>seemed to come to was that T-P is not necessarily for use cases that 
>require every protocol in the layering to be enumerated. We do 
>understand that some people have such use cases, but we are not 
>proposing to address them with T-P.
>
>I think that's where we're at with it.
>
>I imagine we could improve the draft to make this more clear (and 
>proposals are welcome). Addressing those other use cases isn't out of 
>the question, but my current reading of the WG is that there isn't an 
>appetite to go there.
>
>Cheers,
>
>
>>  On 26 Mar 2015, at 6:36 pm, Adrien de Croy <adrien@qbik.com> wrote:
>>
>>
>>  hi Martin
>>
>>  I must have misread something then, because it seems to me from the 
>>draft that the Tunnel-Protocol header is intended to contain what 
>>either
>>
>>  a) could be in a TLS ALPN negotiation if the next layer is TLS (T-P 
>>identifies the next layer after TLS)
>>  b) would identify the protocol directly if the next layer is not TLS 
>>(T-P identifies the next layer)
>>
>>  and that it be the same token(s) whether or not the next layer is 
>>TLS. E.g. explicity NOT 2 versions of an ALPN token one of which 
>>indicates the presence of TLS and one not.
>>
>>  So I can't see how the same ALPN token can distinguish that the next 
>>layer is TLS or not unless it must always be TLS, in which case you're 
>>at pains to avoid saying so and my question would then be why?
>>
>>  My personal opinion is that TLS is as much a protocol as anything 
>>else and if the next layer in a tunnel is TLS, then it's just an error 
>>to not say so or to say it's something else. It just breaks the basic 
>>layering that the internet is based on.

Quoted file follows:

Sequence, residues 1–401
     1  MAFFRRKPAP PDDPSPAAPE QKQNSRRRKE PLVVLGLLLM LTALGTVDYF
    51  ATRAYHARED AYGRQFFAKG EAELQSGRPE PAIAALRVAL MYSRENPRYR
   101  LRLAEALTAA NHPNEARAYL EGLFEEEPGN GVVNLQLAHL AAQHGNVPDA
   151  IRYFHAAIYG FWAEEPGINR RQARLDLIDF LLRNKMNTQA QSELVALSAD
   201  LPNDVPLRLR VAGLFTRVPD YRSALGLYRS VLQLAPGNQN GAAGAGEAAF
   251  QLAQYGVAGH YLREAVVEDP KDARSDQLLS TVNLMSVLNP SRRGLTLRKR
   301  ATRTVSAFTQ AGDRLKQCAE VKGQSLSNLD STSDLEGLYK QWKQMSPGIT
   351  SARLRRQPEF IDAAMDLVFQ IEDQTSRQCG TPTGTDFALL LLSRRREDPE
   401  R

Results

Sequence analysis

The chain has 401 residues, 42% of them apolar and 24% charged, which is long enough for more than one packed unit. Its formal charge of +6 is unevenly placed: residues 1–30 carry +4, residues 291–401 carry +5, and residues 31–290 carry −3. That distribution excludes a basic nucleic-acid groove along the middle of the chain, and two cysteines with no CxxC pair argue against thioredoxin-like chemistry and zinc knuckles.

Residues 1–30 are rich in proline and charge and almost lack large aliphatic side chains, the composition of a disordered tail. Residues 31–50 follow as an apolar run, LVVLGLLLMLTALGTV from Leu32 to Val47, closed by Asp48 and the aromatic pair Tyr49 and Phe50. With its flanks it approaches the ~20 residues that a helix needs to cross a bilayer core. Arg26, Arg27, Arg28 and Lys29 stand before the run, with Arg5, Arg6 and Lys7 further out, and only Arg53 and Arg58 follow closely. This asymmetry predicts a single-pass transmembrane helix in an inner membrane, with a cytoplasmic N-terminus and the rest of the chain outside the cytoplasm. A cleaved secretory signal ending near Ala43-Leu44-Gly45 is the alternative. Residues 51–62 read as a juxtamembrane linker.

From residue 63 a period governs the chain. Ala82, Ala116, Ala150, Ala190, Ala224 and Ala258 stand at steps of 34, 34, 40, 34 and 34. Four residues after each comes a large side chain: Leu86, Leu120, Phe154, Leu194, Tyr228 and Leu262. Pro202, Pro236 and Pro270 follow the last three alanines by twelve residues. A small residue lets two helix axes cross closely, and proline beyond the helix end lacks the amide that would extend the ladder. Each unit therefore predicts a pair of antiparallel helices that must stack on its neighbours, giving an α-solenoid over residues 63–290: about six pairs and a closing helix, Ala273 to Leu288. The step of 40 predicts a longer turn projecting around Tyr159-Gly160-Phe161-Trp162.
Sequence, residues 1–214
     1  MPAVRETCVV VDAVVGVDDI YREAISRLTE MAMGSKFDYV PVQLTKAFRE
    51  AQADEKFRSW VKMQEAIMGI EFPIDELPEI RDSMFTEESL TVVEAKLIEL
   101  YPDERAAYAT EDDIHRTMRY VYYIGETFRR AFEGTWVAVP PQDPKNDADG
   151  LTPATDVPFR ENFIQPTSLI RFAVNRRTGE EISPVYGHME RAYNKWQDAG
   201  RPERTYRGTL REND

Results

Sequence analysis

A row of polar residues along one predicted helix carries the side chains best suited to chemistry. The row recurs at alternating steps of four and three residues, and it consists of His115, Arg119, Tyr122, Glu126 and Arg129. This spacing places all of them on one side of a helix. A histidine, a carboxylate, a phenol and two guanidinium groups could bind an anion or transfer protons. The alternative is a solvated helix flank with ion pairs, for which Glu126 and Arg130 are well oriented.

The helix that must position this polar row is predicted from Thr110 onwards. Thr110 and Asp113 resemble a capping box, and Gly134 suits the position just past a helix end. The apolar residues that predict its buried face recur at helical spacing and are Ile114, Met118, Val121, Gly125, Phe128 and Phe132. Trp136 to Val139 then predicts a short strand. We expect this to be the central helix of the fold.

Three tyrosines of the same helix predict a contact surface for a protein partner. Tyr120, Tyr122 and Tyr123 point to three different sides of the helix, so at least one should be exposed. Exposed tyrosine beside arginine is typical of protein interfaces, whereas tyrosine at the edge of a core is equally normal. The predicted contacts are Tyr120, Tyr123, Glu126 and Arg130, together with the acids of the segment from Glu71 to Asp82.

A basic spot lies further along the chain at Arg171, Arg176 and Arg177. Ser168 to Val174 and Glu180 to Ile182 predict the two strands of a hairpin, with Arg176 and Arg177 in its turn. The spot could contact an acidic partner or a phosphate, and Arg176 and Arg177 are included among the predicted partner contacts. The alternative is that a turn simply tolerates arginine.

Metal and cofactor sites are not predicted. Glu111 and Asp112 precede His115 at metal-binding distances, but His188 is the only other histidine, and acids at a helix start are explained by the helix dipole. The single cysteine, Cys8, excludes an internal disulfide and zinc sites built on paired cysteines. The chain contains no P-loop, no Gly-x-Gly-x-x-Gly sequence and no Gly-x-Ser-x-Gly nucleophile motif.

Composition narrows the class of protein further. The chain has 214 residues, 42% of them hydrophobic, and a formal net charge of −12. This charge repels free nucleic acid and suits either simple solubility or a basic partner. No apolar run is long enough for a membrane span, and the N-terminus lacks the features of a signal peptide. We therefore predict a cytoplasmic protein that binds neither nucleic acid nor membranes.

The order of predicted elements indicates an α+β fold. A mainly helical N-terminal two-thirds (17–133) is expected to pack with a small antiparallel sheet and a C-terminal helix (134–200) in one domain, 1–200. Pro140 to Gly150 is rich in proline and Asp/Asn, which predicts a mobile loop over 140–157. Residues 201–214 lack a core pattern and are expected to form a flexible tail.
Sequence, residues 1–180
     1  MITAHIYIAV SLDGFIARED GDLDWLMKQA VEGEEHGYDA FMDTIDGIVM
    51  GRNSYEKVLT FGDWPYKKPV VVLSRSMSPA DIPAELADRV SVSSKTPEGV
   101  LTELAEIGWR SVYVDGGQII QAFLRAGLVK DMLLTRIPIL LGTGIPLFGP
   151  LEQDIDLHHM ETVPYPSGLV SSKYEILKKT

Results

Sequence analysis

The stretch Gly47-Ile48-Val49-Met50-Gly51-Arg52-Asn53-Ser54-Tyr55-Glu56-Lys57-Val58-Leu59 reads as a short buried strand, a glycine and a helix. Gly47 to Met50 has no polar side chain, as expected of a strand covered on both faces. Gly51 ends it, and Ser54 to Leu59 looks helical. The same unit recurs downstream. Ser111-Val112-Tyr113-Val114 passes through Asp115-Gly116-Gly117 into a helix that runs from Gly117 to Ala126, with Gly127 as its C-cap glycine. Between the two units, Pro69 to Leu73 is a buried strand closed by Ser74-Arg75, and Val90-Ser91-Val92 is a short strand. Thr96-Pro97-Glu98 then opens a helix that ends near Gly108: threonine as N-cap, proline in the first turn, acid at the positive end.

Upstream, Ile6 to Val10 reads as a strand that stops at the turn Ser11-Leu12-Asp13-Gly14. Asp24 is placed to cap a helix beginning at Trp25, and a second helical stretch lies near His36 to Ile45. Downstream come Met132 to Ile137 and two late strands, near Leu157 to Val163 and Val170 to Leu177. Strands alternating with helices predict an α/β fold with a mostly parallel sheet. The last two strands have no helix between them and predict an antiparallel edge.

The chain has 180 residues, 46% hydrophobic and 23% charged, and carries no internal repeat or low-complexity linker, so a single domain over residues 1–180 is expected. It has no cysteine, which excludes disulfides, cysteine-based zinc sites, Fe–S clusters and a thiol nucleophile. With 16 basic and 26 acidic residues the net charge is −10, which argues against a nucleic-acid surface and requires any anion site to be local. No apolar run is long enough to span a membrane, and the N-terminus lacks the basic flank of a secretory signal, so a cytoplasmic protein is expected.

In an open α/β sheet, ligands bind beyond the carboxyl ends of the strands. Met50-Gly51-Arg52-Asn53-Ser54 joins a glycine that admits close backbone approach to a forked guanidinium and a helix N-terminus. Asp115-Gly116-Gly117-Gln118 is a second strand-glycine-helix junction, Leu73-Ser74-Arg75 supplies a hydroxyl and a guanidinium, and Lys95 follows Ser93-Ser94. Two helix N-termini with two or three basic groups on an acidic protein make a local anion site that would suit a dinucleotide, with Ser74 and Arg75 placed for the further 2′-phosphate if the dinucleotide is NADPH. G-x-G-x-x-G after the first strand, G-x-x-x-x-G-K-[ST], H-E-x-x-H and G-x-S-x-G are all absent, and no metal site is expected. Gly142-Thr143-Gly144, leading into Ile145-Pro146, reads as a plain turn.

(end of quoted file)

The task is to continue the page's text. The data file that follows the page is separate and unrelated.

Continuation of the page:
>>
>>  This is what Amos was referring to I believe when he suggested 
>>indicating TLS and then using TLS ALPN for the next layer after that.
>>
>>  Regards
>>
>>  Adrien
>>
>>
>>
>>
>>  ------ Original Message ------
>>  From: "Martin Thomson" <martin.thomson@gmail.com>
>>  To: "Adrien de Croy" <adrien@qbik.com>
>>  Cc: "Mark Nottingham" <mnot@mnot.net>; "HTTP Working Group" 
>><ietf-http-wg@w3.org>
>>  Sent: 27/03/2015 2:52:27 a.m.
>>  Subject: Re: Working Group Last Call for 
>>draft-ietf-httpbis-tunnel-protocol
>>
>>>  On 25 March 2015 at 16:12, Adrien de Croy <adrien@qbik.com> wrote:
>>>>  The feedback from proxy vendors on this proposed header seems to 
>>>>have been
>>>>  largely ignored.
>>>
>>>  I'm sorry if you think that is the case, because that was certainly
>>>  not my interpretation of the discussion.
>>>
>>>  The answer to your concern was that application tokens identify the
>>>  entire protocol precisely. This is the decision regarding ALPN use
>>>  that has been codified into HTTP/2.
>>>
>>>  I understand that this made a few people sad and they wanted 
>>>something
>>>  else - primarily something that had explicit and separate
>>>  identification for TLS - but we don't have an alternative that is
>>>  well-enough defined to use.
>>>
>>
>
>--
>Mark Nottingham https://www.mnot.net/
>
>
>
>
>